Similarly, Good Friday’s noonday service of Meditations on the Stations of the Cross are more than sentimental recall. By faith we watch and pray with Jesus as he bears the cross for us, those who abandoned him and shouted “Crucify him!” a few short days before. 

And while we won’t have any services on Holy Saturday, I invite you to observe the day with quiet, resting, and reflection if possible. This Collect for Holy Saturday sums up the attitude of the day well as well as anticipates the joy of Easter:

O God, Creator of heaven and earth: Grant that, as the crucified body of your dear Son was laid in the tomb and rested on this holy Sabbath, so we may await with him the coming of the third day, and rise with him to newness of life; who now lives and reigns with you and the Holy Spirit, one God, for ever and ever. Amen. 

Remember, friends, the Easter joy we’ll share on Sunday is but a foretaste of the jubilant kingdom our God is bringing both now in faint whispers and one day in fullness as our risen Lord Jesus Christ comes again. 

Until then our worship will be by faith, but one day by sight. 


Holy Week Beckons


This Sunday will begin Holy Week. I encourage you to enter into this sacred week with all your heart, to turn down the volume of life so you can hear the voice of God as meditate on the mighty acts of salvation Jesus endured for us and the whole world.  

We’ll begin with Palm Sunday by remembering Jesus’ triumphal entry into Jerusalem with a palm leaf procession around the church. Then, inside the church, John’s Passion narrative will be read dramatically by our reading team where we will take up the shouts of “Crucify him! Crucify him!” A sober beginning to the week indeed.

Wednesday morning we’ll continue with Morning Prayer and conclude by praying the Great Litany in procession inside the church. Maundy Thursday, the commemoration of Jesus instituting the Lord’s Supper with his disciples begins the Great Three Days. The service will end in silence and darkness as we prepare for Good Friday. 

At noon on Good Friday we will walk through the meditations on the stations of the cross, remembering Jesus’ bearing the hard wood of the cross through Jerusalem, outside the city gate, to be lifted up and glorified. 

It’s the most important week of our faith, and I look forward to the sober, solemn, life-giving time we’ll have together. 


Being Put in our Place

Lent marches on this Sunday as we encounter three different stories of emplacement. In each lesson a moment of transformation precedes a statement of destiny or placement in a longterm context of grace. The most prominent of these stories is the parable of the prodigal son (Luke 15:11-32). 

Most of us are familiar with this parable that tells of a young man who asks for his inheritance, squanders it in loose living, comes to his senses to return home, whereupon his father lavishes an inordinate amount of love on him to reinstate him as a son, in a position of privilege and grace.  The son did not get what he deserved. He received grace upon grace.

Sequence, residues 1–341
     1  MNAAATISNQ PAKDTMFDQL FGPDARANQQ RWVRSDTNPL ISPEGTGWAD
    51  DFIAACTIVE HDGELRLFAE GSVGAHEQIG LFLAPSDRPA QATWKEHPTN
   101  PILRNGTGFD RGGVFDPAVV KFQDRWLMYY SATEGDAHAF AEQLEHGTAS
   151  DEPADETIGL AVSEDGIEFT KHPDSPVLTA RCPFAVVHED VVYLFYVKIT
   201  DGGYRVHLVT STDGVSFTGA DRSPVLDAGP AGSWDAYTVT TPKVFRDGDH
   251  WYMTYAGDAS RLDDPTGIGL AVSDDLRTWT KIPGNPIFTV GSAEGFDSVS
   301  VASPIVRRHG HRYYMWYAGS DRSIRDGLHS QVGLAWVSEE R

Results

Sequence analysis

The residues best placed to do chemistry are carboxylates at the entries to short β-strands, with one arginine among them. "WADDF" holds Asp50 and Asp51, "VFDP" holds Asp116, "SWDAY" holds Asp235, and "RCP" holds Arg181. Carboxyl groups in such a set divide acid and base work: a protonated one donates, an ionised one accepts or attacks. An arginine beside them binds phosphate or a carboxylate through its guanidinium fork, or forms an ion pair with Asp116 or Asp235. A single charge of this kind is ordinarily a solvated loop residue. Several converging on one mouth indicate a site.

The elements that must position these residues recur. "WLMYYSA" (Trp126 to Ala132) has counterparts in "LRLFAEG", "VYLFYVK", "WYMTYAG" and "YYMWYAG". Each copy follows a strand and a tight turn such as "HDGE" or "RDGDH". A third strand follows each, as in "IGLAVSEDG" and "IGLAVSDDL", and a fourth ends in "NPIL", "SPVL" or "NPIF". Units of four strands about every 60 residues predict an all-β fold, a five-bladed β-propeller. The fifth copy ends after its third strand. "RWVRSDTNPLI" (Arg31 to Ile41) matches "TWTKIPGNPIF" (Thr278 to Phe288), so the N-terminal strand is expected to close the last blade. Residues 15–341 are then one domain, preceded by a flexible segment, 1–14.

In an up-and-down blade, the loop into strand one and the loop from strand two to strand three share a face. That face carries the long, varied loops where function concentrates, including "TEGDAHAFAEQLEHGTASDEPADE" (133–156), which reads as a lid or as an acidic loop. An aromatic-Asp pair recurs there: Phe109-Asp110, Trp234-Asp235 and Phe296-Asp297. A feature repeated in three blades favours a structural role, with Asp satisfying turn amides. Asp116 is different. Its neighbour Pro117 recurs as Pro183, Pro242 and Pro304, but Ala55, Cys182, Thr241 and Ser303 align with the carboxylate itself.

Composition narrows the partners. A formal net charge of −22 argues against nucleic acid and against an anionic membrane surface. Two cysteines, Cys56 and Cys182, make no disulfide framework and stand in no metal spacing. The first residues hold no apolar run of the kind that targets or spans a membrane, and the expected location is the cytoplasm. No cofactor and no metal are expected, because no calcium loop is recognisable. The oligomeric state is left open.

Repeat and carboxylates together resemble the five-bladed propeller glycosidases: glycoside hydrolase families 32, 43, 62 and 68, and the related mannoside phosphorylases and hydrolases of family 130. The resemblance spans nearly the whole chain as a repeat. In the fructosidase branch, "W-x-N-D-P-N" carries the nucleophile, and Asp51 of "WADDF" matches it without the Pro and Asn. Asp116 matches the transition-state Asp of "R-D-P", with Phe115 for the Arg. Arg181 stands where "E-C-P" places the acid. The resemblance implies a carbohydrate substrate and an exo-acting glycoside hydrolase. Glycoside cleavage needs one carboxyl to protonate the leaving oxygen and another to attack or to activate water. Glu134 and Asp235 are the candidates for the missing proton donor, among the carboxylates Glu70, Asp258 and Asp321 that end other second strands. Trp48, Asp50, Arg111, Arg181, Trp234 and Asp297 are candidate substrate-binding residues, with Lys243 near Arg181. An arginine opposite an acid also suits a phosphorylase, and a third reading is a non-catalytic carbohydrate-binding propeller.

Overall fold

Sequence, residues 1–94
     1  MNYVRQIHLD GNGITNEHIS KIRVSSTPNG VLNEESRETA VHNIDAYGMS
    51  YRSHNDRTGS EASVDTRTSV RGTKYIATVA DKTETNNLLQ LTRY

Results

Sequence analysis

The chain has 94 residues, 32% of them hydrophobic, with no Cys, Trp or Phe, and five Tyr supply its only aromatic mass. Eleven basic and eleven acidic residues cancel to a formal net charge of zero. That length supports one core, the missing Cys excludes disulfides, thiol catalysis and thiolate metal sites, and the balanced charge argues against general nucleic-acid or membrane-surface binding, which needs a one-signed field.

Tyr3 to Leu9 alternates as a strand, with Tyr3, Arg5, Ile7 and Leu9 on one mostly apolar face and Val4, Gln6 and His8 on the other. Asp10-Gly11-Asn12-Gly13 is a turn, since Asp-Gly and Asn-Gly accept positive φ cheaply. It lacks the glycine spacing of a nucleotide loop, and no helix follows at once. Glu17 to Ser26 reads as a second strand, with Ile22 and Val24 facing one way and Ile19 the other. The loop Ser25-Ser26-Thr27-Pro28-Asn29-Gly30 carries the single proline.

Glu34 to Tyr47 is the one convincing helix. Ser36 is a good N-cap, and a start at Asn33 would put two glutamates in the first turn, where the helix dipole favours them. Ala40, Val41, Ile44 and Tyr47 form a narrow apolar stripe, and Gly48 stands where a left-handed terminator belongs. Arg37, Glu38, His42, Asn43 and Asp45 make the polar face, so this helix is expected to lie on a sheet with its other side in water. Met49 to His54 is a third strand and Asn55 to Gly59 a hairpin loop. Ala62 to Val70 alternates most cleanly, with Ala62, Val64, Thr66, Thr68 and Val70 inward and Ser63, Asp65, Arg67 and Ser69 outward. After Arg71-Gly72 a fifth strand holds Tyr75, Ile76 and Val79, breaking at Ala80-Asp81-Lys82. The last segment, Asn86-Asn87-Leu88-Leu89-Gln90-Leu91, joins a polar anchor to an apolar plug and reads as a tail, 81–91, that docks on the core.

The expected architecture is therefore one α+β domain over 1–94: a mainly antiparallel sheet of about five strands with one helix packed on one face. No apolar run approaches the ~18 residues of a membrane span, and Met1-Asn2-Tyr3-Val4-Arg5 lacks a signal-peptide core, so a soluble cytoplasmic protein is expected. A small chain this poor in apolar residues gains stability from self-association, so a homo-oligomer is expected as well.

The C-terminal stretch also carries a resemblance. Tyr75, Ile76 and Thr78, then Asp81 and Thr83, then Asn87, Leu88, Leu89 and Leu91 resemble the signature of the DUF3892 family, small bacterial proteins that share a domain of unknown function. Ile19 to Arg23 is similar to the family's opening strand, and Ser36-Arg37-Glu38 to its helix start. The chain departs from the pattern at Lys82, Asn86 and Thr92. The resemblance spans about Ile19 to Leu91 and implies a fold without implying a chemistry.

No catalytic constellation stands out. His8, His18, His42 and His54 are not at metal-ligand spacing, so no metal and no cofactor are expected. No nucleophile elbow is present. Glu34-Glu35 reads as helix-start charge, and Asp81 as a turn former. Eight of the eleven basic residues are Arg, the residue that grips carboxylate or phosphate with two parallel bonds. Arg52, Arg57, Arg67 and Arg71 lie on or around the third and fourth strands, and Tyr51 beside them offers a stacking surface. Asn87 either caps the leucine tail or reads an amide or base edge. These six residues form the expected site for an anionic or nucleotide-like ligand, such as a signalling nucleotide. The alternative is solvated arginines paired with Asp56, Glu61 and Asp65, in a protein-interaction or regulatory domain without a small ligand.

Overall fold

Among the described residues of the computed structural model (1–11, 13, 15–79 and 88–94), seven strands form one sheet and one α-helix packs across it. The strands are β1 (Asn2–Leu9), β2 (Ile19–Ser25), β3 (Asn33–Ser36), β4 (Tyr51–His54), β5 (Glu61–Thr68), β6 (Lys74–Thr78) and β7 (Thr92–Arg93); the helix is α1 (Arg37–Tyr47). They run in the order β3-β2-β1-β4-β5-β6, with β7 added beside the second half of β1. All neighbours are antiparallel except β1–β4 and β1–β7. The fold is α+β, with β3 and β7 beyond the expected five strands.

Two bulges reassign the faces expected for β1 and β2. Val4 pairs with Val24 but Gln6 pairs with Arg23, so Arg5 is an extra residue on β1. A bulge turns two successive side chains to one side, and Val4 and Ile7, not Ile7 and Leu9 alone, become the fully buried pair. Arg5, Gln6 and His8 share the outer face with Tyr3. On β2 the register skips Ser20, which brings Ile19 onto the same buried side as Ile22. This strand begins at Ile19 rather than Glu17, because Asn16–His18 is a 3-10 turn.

Jesus tells this story to show us what God is like, that He and all of heaven rejoice at the repentance of just one sinner. I’m not sure how Lent has gone for you so far, but I hope you’ve experienced this same kind of grace. And, I hope we bear in mind that it’s not just for us that Jesus came, but for the whole world around us. 

I’ll see you Sunday as we journey together in Lent -


Why Study the Apostles Creed?

We still have three weeks left in our catechesis class, and I wanted to invite you all to join us this Sunday at 4 in the Parish Hall. We've been focusing on the Apostles' Creed, so I wanted to give you a sense of the things we've been talking about.

From very early on, the Church has used the Apostles' Creed, and other statements like it, as a way to teach the Christian faith. But the creed is much more than the basics, much more than Christianity 101. It's not something we "get" and then move beyond. We are continually invited to move deeper and deeper into its truths. 

The creed invites us to immerse ourselves in the realities it speaks to. What do I mean? Well, take the first statement, for example--"I believe in God, the Father almighty, creator of heaven and earth." It is one thing to say we believe that God created everything, but it is another matter entirely to mediate on that reality. For instance, it is not simply that God created everything, it is God the Father who created everything and declared it good. So when we confess this we are confessing the goodness of creation. We are saying that the world, though fallen, is good. When we confess that God is Father, we are confessing at the same time the reality of His Son. We are saying that the Father and Son work in concert with each other, never against each other. So in the Incarnation, Jesus takes on flesh and becomes part of the created order, the world created by God, our Father. Jesus comes into the world to restore the goodness of creation and to show us the heart of the Father. The creed, in other words, tells the story of creation and redemption, and when we say the creed we are saying that the story it tells is our story. We are saying that the reality is speaks to is reality itself.

This week we will discuss these statements from the creed:

He suffered under Pontius Pilate,
was crucified, died, and was buried.
He descended to the dead.

Please make plans to join us!